Researchers Use Robot Fish To Scare Off A Alien Species: That’s What Happened

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Gambusia is a fish that reaches a maximum length of 3.5 cm for males, while females also the 7 cm. These creatures have invaded several habitats, disrupting ecosystems from Europe to Australia. In a new document, scientists have tried to control these fish through “fear.”

According to a new article published in the iScience magazine on December 16, when researchers created a robotic fish designed to imitate one of the natural predators of Gambusia, the “invaders” fish increased their fear and response to stress, compromising

Invasive creatures like these are a problem, but according to the study there are “more creative ways to prevent unwanted behaviour than killing it,” says Michael Culshaw-Maurer, an ecologist at the University of Arizona (not Originally, Gambusia was released into the freshwater ecosystems of the world in the last century in an attempt to control malaria by eating mosquitoes. As we have already told you in our special on the most dangerous invasive creatures, this method does not seem to work.

However, creatures, instead of attacking mosquitoes, preferred to eat eggs and nibble the tails of other native fish and amphibians, making them one of the most destructive invasive species in the world. To limit the spread of the creature, several ways have been sought – all linked to decimation with traps, poisons and much more (that is why invasive species are a danger to the territory).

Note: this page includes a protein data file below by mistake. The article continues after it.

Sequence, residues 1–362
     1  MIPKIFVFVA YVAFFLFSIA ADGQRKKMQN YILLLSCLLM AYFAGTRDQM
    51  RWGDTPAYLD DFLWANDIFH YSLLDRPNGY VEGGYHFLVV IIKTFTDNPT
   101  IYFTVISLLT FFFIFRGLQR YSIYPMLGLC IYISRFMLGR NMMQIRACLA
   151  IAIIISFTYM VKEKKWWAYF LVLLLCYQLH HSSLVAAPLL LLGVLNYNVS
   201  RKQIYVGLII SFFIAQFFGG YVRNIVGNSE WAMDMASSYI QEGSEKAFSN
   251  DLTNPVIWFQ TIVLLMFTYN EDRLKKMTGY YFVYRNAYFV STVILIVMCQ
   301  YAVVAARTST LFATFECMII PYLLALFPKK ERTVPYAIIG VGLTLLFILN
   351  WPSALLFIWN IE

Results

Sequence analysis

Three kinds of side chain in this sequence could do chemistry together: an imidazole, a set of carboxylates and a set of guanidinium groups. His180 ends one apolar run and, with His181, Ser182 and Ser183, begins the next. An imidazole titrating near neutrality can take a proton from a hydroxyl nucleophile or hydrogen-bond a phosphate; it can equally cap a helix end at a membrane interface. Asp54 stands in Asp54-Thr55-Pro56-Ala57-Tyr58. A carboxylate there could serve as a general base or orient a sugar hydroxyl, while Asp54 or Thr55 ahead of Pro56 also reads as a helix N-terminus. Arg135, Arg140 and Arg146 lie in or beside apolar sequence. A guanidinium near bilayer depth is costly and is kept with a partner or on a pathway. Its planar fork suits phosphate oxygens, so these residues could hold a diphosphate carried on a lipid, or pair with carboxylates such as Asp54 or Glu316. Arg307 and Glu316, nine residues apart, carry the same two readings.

But if we think about it, their widespread spread is due to the lack of predators… and that’s what the researchers wanted to solve. Rather than introducing “true” predators into the ecosystems invaded by Gambuseia, experts introduced robot versions of largemouth bass (Micropterus salmoides). And the results actually surprised the researchers.

The fear of the robot has altered the behaviour, shape and fertility of the mosquito fish, both during exposure and after weeks. Stress has transformed the body of fish: the creatures had lost energy reserves, becoming slightly smaller and leaner, to accelerate the escape behaviors. The sperm count of fish, moreover, decreased on average by about half.

Surely a very successful experiment… because the researchers’ intention is not to release herds of these robot fish, but to seek methods to control their numbers.

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